By Mike “Buzz” Buzzelli, ‘Burgh Vivant
It’s mayhem in the mind of Truman Capote (Eddie Korbich) in Jay Presson Allen’s one man show, “Tru.” Capote was shorter than average but larger than life, and the play captures a particular era; Christmas eve 1975 shortly after a chapter of his promised masterpiece “Answered Prayers” was released in an issue of Esquire. It was a moment in mid-November which turned the social butterfly into a social pariah.
The infamous chapter drops a dime on his harem of swans; his ladies who lunch with kings and queens including Lady Slim Keith, Babe Paley (wife of CBS mogul William S. Paley) and Gloria Vanderbilt. The glossy magazine pages of Esquire went nuclear, exploding throughout New York society. It was Capote’s social suicide, committed in print. Death by Underwood.
The play grapples with the loss of Capote’s famous friendships, but hits the major tenants of his life; he lived on books, gossip and alcohol. He loved to disco. He loved to party. He talks openly about his homosexuality, and his peccadillos (though it’s not dirty or smutty, leave the kids at home). The play posits the question was he the bully or the victim or both?
One man shows are hard. You have to keep the audience engaged for the entire time with few interruptions. Korbich managed aptly. There are visceral moments when the play packs a deep, emotional gut punch. The wallop hits hard at some universal fears for single audience members, “Will anyone love me,” and “Will I die alone?”
Capote had a slow, sly way of talking. While Korbich mimics his unusually shrill voice, it’s a clocking in at too many RPMs. In the actor and director’s defense, had he been speaking at Capote speed it would have added thirty extra minutes to the show. Director Ted Pappas lets the bon mots fly with precision.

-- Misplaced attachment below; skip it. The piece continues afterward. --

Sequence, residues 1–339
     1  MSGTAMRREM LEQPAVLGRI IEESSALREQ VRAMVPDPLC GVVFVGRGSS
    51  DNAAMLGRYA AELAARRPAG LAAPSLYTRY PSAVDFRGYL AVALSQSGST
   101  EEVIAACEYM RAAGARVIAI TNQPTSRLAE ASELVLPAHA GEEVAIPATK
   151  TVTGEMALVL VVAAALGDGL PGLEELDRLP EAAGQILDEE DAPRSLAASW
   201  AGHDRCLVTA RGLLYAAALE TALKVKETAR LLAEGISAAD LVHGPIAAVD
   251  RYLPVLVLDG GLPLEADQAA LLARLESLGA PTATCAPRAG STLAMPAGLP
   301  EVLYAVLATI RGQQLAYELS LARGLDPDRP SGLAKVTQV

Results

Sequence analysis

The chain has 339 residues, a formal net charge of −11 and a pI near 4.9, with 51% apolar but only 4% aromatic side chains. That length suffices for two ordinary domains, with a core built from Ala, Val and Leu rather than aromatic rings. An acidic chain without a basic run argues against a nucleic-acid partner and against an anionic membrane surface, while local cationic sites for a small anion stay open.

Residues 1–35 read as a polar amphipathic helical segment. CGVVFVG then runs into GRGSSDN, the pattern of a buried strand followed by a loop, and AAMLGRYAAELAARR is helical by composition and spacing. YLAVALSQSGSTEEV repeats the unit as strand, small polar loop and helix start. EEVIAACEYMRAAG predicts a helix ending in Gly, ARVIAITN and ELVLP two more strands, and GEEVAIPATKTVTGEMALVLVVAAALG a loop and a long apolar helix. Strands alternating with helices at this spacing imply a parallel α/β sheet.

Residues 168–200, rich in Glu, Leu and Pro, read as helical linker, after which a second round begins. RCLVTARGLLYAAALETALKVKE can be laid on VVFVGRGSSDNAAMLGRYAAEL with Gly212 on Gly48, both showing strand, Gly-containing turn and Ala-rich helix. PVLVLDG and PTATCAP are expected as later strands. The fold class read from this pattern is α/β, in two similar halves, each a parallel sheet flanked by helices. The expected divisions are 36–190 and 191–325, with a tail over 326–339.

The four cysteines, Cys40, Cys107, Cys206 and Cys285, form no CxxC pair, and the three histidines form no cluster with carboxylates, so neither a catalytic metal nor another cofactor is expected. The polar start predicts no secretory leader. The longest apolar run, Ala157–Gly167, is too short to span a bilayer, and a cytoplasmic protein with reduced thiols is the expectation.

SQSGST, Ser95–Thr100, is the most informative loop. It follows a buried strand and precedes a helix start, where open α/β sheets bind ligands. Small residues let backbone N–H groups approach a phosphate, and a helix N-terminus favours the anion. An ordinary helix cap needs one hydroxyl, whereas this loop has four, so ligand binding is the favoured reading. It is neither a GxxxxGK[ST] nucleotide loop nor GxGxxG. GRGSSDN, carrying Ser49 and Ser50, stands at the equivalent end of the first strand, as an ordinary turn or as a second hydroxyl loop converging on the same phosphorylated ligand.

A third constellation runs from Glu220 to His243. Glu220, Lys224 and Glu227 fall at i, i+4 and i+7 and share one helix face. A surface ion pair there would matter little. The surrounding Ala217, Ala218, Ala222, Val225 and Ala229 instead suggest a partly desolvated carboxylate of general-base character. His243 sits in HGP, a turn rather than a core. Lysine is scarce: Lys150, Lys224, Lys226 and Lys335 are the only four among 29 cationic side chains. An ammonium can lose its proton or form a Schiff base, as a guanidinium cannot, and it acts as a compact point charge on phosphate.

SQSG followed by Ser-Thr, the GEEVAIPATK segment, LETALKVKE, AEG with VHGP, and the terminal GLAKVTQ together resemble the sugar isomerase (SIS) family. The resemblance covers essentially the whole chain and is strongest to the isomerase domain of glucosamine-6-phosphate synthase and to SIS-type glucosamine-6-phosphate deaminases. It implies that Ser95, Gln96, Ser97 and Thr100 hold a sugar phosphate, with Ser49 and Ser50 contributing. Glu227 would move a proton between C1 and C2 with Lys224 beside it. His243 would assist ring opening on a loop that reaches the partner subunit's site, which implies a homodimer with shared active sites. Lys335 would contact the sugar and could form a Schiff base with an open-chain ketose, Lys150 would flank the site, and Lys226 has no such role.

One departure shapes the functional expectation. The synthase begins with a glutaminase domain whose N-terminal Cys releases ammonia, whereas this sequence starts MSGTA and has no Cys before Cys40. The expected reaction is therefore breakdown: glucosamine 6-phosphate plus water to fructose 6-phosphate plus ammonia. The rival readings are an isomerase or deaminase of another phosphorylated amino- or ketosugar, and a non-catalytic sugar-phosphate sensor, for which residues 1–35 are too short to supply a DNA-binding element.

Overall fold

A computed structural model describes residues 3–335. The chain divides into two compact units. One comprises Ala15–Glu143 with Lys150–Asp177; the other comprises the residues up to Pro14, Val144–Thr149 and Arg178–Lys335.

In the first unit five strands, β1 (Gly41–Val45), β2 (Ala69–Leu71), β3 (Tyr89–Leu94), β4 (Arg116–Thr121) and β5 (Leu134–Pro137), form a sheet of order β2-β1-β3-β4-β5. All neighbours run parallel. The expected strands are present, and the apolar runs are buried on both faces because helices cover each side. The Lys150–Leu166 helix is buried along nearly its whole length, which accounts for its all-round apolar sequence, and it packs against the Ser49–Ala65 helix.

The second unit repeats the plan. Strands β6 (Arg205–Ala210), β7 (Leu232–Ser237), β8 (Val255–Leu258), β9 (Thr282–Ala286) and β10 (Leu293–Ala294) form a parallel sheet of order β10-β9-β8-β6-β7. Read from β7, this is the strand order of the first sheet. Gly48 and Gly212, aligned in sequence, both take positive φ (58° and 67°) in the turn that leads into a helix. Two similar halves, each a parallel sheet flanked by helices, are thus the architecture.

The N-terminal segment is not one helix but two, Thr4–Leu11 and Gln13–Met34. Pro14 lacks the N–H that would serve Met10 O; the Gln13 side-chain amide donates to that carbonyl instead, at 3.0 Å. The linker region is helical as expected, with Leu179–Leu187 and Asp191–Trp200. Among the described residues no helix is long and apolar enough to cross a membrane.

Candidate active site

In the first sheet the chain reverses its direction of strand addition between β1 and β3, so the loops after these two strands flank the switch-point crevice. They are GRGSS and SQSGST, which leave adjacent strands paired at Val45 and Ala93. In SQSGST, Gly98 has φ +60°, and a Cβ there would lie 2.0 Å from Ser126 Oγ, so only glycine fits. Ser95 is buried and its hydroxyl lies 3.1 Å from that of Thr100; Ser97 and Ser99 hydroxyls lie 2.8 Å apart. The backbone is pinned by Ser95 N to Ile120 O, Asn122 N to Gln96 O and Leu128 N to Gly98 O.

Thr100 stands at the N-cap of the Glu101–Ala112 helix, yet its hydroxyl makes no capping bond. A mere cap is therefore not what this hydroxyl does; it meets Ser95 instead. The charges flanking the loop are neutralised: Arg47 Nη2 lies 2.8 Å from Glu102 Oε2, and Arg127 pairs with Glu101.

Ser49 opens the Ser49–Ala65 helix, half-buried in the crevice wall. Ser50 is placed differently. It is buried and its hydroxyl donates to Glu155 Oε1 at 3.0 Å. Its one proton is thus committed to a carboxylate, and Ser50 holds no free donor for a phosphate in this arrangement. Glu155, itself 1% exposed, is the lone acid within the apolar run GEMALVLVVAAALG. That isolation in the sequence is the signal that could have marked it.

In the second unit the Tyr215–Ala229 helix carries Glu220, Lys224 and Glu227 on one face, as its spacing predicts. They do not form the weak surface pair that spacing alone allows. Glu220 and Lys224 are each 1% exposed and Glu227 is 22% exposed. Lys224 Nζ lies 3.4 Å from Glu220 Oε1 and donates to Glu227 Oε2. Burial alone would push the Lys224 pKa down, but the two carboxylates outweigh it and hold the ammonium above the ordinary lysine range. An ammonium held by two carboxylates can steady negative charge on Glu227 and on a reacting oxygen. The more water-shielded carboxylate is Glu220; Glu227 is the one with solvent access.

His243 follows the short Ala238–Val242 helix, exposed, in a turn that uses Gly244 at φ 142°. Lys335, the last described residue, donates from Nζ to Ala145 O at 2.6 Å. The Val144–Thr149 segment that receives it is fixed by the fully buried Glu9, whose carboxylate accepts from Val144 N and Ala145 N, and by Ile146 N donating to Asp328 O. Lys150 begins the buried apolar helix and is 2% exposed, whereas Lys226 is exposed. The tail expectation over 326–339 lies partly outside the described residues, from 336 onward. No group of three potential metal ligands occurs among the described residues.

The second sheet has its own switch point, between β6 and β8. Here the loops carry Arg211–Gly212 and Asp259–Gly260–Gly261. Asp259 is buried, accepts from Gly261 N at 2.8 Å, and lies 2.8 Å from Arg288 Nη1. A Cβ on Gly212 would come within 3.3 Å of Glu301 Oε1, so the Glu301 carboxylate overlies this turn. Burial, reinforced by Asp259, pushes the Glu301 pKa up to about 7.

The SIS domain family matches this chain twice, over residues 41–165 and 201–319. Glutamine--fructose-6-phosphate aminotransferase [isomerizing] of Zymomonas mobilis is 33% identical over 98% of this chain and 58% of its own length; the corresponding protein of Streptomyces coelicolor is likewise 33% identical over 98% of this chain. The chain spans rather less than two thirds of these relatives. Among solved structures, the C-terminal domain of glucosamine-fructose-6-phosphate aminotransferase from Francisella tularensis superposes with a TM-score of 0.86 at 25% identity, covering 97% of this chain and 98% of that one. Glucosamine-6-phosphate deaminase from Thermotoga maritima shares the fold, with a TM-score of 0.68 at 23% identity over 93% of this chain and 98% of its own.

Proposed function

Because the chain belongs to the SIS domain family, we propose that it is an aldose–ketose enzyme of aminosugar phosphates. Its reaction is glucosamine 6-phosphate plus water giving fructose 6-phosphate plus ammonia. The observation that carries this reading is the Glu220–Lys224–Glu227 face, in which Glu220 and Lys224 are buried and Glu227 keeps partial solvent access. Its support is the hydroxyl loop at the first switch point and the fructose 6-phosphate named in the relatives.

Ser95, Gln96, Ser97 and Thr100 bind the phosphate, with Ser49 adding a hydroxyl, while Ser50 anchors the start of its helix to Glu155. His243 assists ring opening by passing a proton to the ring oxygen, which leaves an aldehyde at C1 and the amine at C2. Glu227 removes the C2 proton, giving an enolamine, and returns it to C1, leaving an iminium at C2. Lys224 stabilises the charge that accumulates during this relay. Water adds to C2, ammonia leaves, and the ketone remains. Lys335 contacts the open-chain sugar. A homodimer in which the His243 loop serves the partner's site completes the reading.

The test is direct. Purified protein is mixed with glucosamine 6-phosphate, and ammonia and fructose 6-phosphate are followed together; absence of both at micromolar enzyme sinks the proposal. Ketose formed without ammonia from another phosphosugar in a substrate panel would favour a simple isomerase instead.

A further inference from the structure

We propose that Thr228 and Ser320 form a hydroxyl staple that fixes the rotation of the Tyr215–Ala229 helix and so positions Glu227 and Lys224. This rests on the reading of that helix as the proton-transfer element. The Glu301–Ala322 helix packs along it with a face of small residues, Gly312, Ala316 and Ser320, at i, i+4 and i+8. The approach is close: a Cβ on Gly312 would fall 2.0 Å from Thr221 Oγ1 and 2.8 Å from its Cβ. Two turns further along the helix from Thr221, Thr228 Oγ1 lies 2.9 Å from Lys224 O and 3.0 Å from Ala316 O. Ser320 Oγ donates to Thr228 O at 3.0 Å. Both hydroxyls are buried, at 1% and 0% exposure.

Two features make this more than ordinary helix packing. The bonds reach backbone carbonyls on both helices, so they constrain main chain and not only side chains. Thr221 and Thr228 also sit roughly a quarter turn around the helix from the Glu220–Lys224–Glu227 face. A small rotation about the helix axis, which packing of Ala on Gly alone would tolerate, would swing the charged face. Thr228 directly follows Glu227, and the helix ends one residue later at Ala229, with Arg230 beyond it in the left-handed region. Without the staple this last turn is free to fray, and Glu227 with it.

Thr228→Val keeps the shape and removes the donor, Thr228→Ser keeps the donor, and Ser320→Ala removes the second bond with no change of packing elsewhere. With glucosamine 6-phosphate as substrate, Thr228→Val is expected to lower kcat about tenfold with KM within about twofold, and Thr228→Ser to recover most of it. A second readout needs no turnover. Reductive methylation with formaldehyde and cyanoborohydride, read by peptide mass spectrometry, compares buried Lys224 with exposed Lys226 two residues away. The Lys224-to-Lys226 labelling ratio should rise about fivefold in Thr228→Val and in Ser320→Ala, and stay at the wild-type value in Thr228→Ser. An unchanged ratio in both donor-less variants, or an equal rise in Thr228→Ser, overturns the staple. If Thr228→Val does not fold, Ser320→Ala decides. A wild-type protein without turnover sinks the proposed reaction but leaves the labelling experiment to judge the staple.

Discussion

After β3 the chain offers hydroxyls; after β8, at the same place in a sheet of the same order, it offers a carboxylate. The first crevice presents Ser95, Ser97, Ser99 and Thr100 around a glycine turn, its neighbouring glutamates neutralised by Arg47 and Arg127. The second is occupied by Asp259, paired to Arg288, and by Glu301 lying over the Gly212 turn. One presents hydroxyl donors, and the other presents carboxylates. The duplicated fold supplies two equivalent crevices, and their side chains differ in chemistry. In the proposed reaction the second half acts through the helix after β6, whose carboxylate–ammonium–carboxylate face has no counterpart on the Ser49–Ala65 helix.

James Noone’s set is impeccable, replete with tasteful furnishings, a stunning view of New York, and a bright, beautiful Christmas tree. There is a table filled with paperweights and snow globes, provided by the Pittsburgh Glass Center and a plethora of donors. It cries out to be examined. You’ll want to pick up each one and marvel in its artistry (try, at the very least, to sit in the first few rows to see them as closely as you can).
Allen’s script wanders a bit, but, as with all biographies, some parts are just less interesting than others. There are, however, some genuinely funny moments, and some genuinely sad ones. The problem is that Capote is not the most likeable man, but it’s easy to pity him. It’s just not easy to love a play about a pitiable man. However the story is thought-provoking and emotionally gripping. “Tru” is like a raw garlic, it’s powerful, biting, and it stays with you long afterward. Some may find it a little off-putting, but it can really spice up your evening. If you’re looking for an evening of insight into one of the world’s most famous celebrity authors, see “Tru.” If you’re looking for a few laughs, this is also the play for you. It’s funny because it’s Tru.
“Tru” runs till May 22 at the O’Reilly Theatre, 621 Penn Avenue, Pittsburgh, PA 15222. For more information, click here.